\%(\)   A pattern enclosed by escaped parentheses.  */\%(\)* */\%(* *E53*
    Just like \(\), but without counting it as a sub-expression.  This
    allows using more groups and it's a little bit faster.
    {not in Vi}

It would give:

:s/^  // | s/\v\ze%(\(\w+%(\.\w+)*)@<!\./\="\n  " . matchstr(getline('.'), '^\s*')/g

Edit3: To turn this command into a mapping, you could add this into your vimrc:

nnoremap <Leader>a :s/^  // <Bar> s/\v\ze%(\(\w+%(\.\w+)*)@<!\./\="\n  " . matchstr(getline('.'), '^\s*')/g<CR>

In the following code:

class MyMethods
  def mymethod
    MyModel.first_method.second_method(arg).thrid_method(arg.method)
  end
end

... if you hit <Leader>a while the cursor is on the third line, it should give you:

class MyMethods
  def mymethod
  MyModel
    .first_method
    .second_method(arg)
    .thrid_method(arg.method)
  end
end
  • Thanks a lot. Tricky regex. Do you if it's possible to indent each line ? No need for extra spaces in `\r ` then. – Mio May 11 '16 at 10:46
  • Sorry, I'm not sure to understand, do you mean the substitution command should indent the lines beginning with a dot? It depends on how you indent your code, but if you use a tab you could use the same command and just replace the 2 spaces with a tab \t like this: :s/\v(\(\w{-})@<!\./\r\t\./g – user9433424 May 11 '16 at 10:50
  • I'm using == to indent. A gist with a proper code. gist.github.com/anonymous/7735cf710289815c85ec719abad8c403 I've try few things for here without success stackoverflow.com/questions/2732618/… – Mio May 11 '16 at 11:03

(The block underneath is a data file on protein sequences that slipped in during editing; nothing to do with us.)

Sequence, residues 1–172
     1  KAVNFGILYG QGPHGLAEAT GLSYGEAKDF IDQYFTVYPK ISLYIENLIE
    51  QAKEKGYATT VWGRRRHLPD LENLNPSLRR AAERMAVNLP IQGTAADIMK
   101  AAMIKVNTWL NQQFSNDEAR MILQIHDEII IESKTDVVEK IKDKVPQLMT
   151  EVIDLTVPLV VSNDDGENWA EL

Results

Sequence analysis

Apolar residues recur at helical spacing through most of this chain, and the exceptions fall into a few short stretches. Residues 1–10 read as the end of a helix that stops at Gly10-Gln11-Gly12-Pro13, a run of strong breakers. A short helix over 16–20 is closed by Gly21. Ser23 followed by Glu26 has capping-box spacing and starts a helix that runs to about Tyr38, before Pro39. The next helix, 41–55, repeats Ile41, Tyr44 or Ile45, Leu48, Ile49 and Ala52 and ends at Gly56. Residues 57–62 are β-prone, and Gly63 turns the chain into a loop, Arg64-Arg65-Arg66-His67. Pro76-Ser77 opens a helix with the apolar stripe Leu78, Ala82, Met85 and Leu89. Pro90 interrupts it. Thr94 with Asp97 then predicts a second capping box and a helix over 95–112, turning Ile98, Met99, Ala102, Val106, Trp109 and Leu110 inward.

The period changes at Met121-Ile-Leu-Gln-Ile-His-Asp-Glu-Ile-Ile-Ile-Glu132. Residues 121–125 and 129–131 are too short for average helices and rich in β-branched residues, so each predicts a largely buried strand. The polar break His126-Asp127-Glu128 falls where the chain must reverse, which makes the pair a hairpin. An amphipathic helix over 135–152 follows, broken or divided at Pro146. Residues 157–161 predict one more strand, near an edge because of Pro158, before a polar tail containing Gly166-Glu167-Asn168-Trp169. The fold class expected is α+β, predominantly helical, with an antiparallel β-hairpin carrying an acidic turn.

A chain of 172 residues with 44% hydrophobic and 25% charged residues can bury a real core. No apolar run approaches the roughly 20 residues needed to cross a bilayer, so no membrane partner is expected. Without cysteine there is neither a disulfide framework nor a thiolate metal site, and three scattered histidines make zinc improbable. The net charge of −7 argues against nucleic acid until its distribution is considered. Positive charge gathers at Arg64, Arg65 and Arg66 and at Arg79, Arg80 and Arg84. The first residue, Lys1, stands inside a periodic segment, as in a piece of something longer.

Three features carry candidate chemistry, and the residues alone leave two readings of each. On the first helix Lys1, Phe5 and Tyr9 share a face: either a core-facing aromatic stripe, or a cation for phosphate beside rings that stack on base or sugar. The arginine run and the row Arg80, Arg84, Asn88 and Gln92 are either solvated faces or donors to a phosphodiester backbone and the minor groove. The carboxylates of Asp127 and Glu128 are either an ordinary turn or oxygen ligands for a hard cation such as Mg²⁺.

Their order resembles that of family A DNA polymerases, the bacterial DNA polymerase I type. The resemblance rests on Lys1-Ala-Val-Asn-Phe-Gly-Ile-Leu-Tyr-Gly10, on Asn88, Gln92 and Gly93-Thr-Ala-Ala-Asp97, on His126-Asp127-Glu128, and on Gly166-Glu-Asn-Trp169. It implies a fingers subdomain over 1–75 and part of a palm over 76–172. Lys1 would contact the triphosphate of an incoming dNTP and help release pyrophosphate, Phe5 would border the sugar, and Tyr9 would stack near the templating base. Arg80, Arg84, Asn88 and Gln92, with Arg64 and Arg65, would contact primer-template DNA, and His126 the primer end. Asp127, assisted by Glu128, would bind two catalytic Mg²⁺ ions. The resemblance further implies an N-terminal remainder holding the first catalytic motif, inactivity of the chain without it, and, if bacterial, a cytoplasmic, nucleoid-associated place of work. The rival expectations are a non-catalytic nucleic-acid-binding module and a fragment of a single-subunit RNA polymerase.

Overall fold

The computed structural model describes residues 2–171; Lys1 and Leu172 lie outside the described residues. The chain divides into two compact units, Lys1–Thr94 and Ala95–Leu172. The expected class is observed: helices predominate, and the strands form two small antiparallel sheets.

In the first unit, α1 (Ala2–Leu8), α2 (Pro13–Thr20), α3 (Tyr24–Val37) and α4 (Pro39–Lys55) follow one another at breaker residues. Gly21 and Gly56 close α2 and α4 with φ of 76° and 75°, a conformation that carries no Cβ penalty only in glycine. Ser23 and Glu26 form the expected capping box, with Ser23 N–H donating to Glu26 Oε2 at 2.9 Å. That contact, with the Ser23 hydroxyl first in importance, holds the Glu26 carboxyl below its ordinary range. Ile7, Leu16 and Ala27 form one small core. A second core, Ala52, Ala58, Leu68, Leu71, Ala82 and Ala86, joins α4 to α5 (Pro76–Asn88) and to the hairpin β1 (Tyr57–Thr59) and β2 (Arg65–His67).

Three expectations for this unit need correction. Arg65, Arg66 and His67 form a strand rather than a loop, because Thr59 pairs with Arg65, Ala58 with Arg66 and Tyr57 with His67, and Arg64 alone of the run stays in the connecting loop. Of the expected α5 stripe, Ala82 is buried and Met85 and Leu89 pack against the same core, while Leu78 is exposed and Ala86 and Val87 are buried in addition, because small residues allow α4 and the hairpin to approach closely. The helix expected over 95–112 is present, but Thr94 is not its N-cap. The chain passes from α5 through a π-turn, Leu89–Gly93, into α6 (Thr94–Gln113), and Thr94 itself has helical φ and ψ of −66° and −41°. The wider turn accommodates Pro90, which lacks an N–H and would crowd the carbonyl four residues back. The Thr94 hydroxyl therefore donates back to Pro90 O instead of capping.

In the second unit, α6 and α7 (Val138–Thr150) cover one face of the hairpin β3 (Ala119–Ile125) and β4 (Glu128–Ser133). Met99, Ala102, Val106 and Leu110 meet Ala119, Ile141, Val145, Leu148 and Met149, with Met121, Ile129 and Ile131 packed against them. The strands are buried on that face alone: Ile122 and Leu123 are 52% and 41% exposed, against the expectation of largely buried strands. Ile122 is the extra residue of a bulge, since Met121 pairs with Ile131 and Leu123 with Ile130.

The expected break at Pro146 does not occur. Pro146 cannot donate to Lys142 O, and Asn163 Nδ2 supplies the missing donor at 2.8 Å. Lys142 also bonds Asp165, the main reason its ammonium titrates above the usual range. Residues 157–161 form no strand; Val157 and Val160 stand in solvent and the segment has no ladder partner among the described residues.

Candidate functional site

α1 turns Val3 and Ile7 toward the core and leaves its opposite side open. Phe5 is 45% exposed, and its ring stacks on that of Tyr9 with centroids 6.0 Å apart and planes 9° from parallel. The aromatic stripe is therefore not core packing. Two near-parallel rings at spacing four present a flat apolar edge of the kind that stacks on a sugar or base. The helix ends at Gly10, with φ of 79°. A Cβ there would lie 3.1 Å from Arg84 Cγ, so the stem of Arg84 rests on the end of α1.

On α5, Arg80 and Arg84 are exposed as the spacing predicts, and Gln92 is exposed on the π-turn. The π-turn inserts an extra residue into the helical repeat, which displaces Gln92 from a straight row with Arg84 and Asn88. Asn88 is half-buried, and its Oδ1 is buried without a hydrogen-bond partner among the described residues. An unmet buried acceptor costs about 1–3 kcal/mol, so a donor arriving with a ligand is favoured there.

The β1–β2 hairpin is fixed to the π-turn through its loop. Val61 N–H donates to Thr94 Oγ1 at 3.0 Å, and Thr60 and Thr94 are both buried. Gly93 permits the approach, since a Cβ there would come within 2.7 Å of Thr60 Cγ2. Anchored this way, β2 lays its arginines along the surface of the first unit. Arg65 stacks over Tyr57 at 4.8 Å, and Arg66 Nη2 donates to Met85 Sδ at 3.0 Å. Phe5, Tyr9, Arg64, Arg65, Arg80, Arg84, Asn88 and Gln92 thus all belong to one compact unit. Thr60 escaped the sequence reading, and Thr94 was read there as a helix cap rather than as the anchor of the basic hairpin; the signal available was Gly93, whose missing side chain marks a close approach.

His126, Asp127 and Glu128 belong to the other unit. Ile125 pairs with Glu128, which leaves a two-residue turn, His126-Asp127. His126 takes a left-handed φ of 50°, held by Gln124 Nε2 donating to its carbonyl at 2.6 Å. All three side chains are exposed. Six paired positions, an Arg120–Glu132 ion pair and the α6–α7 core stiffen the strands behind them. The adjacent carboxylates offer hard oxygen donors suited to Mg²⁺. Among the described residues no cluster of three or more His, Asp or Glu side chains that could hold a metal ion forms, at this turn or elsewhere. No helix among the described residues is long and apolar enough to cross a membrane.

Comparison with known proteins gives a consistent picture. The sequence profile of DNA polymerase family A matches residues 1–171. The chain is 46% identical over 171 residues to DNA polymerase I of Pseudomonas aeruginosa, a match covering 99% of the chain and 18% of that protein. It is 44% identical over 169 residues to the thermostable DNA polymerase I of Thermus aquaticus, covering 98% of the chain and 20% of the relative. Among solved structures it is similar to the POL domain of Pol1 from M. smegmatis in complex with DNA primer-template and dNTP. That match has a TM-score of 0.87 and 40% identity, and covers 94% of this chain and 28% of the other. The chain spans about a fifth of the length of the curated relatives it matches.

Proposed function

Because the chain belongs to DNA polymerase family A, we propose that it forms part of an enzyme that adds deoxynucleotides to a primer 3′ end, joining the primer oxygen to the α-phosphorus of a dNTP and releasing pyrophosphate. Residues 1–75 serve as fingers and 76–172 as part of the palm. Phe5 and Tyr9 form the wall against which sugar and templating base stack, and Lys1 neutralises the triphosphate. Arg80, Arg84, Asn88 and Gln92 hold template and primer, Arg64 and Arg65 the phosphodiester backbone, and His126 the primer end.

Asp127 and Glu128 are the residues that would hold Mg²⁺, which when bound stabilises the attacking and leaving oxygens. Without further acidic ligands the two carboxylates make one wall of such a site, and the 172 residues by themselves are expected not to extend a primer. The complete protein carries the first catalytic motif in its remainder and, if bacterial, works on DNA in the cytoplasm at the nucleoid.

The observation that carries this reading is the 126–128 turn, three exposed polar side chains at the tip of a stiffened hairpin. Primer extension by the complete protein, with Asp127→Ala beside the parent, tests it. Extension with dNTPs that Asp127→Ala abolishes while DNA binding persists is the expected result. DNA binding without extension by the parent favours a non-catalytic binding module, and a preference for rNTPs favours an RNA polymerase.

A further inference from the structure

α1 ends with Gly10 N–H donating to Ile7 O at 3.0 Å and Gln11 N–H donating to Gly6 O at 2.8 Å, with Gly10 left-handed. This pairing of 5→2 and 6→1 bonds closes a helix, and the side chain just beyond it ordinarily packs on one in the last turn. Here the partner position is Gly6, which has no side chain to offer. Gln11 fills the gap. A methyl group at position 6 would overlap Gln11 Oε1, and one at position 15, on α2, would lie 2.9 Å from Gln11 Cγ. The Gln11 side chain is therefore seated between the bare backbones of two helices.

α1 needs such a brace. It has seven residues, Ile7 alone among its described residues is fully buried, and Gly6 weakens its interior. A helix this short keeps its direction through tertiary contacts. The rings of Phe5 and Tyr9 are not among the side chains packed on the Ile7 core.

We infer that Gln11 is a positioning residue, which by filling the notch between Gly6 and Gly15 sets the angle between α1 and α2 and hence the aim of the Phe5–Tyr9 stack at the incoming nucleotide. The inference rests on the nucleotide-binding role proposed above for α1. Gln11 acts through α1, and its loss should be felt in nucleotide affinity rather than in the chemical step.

• Thank you for the gist, I understand now, I'm going to look for a solution and update the answer if I find something. – user9433424 May 11 '16 at 11:12
  • The last version is faster but their is a problem with indent. All the block is not properly indent. Also I've try to map to a leader key map <Leader>a :s/^ // | s/\v\ze%(\(\w+%(\.\w+)*)@<!\./\="\n " . matchstr(getline('.'), '^\s*')/g<CR> but I get trailing characters errors. :/ – Mio May 12 '16 at 7:42
2

A greedy match should be enough to do the job.

command! SplitDot let _s=@/ <bar> s/\v\.\w+%(\([^)]+\)|\{[^}]+})*/\r\0/g <bar> let @/=_s <bar> keepjumps normal! ``=']']
nnoremap <Leader>sd :SplitDot<CR>

The command works on the original example and this more complicated one:

class MyMethods
  def mymethod
    MyModel.first_method.second(arg).third_method(arg.method).select{|a| a.valid?}.join
  end
end

After using the mapping the output is below and the cursor is at ^:

class MyMethods
  def mymethod
    MyModel
      .first_method
      .second(arg)
      .third_method(arg.method)
      .select{|a| a.valid?}
      .join
      ^
  end
end

The pattern is longer, but easier to extend to more cases like {} blocks.

annotated regex and re-indent binding

I prefer using the = method so Vim can indent for me using the indent rules already established by filetype.

Hope this helps and thanks for the idea. I've already used it in my own work flow.